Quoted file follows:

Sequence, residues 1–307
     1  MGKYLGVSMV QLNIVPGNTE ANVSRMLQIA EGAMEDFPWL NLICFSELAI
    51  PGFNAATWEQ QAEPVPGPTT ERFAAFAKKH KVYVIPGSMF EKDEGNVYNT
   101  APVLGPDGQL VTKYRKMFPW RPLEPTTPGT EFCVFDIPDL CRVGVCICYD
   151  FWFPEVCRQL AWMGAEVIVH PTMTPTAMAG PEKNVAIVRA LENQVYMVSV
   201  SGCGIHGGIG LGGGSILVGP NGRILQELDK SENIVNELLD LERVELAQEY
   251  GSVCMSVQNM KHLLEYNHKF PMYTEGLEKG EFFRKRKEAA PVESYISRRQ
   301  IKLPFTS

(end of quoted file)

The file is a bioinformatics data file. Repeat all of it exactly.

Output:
Sequence, residues 1–307
     1  MGKYLGVSMV QLNIVPGNTE ANVSRMLQIA EGAMEDFPWL NLICFSELAI
    51  PGFNAATWEQ QAEPVPGPTT ERFAAFAKKH KVYVIPGSMF EKDEGNVYNT
   101  APVLGPDGQL VTKYRKMFPW RPLEPTTPGT EFCVFDIPDL CRVGVCICYD
   151  FWFPEVCRQL AWMGAEVIVH PTMTPTAMAG PEKNVAIVRA LENQVYMVSV
   201  SGCGIHGGIG LGGGSILVGP NGRILQELDK SENIVNELLD LERVELAQEY
   251  GSVCMSVQNM KHLLEYNHKF PMYTEGLEKG EFFRKRKEAA PVESYISRRQ
   301  IKLPFTS